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Punk of the Month: Siouxsie Sioux

October 11, 2011

Girl Germs might be an all-female show, but we have plenty of supportive gentleman friends – and even some honorary ladies – who number among our compatriots (see: DJ Phizzy, King Cole and Marinos of On the Corner; Evan and co. over at Fancy Pants Gangsters; and Chris and Qualler of Blogulator Radio, among others). You might remember our friend Nate from fellow Fancy Pants Gangsters show (and former fellow Radio K program) Out of Step. Nate is our go-to expert on all things punk and he’s kindly agreed to write a monthly feature for you all called Punk of the Month! Watch the blog every month for a profile of a female artist who has broken ground on the punk scene. 

After last month’s brief dalliance with the present, we return once again to Punk of the Month’s bread and butter: the late ‘70s.  Ladies and gents, please welcome Siouxsie Sioux!

Born Susan Janet Ballion in London, she adopted her professional handle once the punk movement had begun to take hold.  Sioux was initially associated with the so-called Bromley Contingent, a group of young Sex Pistols enthusiasts that also included Billy Idol.

Known for her spiky black mane, feline-inspired eye makeup and swastika-enhanced bondage gear, Sioux hastily assembled a band of her own featuring Sid Vicious and fellow Bromley Contingent conspirator Steve Severin.  After their makeshift performance at the 100 Club Punk Festival, Sioux assembled a more permanent group with Severin, and Siouxsie and the Banshees were born.

Harnessing punk’s energy and fusing it with abrasive art-rock noise, the Banshees created a brittle, bracing aural assault.   Driving it all was Sioux and her icy, piercing howl.   Quite popular in the London club circuit, the group found itself at the vanguard of the post-punk movement.

Their debut single, the Far East-flavored “Hong Kong Garden,” was released in 1978 and reached the UK Top Ten before long.  Their first LP, the dissonant and rampaging The Scream, dropped later that year.  A second album, Join Hands, followed in 1979.

During the recording of the 1980’s Kaleidoscope LP, Sioux and her drummer/future husband Budgie decided to form an offshoot group, the Creatures.  Often existing in tandem with the Banshees, this project band issued an EP and several LPs, often recording in such exotic locales as Hawaii, Spain, and Japan.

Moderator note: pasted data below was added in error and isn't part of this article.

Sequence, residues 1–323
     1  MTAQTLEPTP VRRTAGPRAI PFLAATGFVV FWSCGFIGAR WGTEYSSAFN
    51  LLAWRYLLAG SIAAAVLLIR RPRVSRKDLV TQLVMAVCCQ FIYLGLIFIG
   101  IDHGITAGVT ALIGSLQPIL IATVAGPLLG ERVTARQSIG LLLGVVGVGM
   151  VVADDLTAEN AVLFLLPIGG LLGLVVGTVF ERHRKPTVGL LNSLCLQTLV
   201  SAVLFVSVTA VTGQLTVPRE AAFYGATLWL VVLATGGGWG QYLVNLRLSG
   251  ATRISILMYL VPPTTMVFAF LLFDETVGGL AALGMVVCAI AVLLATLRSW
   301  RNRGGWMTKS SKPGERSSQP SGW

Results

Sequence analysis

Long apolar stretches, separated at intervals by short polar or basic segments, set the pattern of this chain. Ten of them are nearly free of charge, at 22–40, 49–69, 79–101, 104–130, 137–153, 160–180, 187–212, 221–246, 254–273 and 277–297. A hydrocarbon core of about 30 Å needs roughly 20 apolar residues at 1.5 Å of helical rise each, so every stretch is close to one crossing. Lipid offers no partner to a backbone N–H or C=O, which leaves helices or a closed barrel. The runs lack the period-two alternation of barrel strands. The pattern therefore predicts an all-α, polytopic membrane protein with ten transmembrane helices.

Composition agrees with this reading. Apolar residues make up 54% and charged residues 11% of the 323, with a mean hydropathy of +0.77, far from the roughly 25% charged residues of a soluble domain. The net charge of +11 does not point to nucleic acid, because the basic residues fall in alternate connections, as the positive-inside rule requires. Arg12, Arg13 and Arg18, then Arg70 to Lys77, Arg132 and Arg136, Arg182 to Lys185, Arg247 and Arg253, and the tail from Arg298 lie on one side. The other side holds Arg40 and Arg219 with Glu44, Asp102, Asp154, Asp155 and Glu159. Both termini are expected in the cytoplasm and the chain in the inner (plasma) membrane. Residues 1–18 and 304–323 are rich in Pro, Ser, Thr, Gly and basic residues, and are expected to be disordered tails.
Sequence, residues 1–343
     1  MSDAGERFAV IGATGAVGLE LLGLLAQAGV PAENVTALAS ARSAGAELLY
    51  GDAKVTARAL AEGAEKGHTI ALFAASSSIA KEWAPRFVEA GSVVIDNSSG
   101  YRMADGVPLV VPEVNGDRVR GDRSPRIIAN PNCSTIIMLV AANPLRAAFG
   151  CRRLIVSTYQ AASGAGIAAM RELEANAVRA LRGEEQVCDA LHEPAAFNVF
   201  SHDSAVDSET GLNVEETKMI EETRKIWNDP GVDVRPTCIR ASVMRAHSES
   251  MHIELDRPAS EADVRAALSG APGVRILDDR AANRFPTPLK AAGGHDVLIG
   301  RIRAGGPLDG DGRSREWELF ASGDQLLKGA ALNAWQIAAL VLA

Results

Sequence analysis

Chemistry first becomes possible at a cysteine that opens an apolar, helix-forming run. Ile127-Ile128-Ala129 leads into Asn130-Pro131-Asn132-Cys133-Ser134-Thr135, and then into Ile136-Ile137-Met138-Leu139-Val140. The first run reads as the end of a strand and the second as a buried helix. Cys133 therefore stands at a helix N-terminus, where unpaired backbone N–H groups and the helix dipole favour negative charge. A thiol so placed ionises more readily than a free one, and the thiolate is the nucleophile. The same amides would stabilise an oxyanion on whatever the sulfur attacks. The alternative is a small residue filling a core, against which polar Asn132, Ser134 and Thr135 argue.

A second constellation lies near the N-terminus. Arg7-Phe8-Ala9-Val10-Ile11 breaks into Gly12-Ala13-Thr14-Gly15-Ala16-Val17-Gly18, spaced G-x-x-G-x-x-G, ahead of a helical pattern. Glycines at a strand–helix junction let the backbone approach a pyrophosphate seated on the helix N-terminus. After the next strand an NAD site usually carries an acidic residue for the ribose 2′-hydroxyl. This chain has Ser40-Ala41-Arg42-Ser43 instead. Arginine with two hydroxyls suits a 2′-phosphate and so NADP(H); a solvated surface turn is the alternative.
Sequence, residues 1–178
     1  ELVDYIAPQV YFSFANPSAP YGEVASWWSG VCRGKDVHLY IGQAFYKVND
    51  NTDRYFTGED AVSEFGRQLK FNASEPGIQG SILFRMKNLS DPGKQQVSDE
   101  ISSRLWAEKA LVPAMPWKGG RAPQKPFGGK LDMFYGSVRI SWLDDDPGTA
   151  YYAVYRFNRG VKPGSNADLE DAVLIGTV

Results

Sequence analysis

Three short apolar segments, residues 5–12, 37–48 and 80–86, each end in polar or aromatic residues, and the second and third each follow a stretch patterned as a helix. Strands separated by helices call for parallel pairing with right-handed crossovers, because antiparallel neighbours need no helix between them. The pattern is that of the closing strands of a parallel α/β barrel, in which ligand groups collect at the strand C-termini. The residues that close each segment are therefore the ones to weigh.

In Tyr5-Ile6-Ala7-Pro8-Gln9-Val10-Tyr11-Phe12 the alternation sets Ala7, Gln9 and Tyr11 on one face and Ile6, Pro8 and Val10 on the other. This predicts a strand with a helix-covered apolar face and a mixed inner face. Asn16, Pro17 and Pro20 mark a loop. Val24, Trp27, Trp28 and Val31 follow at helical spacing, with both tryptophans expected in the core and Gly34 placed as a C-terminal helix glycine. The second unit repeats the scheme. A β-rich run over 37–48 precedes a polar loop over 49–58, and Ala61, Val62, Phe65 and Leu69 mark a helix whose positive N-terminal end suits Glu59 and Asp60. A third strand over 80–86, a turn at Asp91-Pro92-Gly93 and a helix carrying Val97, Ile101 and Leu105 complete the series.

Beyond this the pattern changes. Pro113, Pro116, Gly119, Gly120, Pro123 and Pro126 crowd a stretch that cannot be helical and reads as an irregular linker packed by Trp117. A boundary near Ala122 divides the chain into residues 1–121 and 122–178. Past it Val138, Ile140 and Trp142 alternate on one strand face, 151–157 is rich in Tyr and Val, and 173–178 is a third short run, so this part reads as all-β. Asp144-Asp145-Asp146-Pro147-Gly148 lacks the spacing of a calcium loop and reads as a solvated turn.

Meanwhile, the Banshees broadened their sonic profile as they continued their ascent into the charts, incorporating hip-hop-inspired elements and South Asian instrumentation.  The group toured on Lollapalooza’s inaugural run, gaining a greater American fan base in the process.  Despite their creative and commercial momentum, the Banshees opted to split in 1996, in response to the Sex Pistols’ monetarily motivated reunion tour.

Sioux’s post-Banshees career was marked by collaborations with artists like Morrissey and former Velvet Underground guitarist John Cale.  Touring on the strength of her past catalog, she finally yielded her solo debut album, 2007’s Manta Ray.

To consider Siouxsie Sioux an influential and original figure would be something of an understatement.  Critic Jon Savage once gushed that she was “unlike any female singer before or since, commanding yet aloof, entirely modern.”

Who are we to argue?

–Nate Rastetter

Nate is an alumnus of the University of Minnesota-Twin Cities and the co-host of the Out of Step podcast. He has volunteered at Extreme Noise Records in Minneapolis since June 2000 and presently serves on its Board of Directors.  He seriously, fanatically loves record shopping.  Music is his mistress and vinyl is his vice.  He is also a moderately talented bass player.






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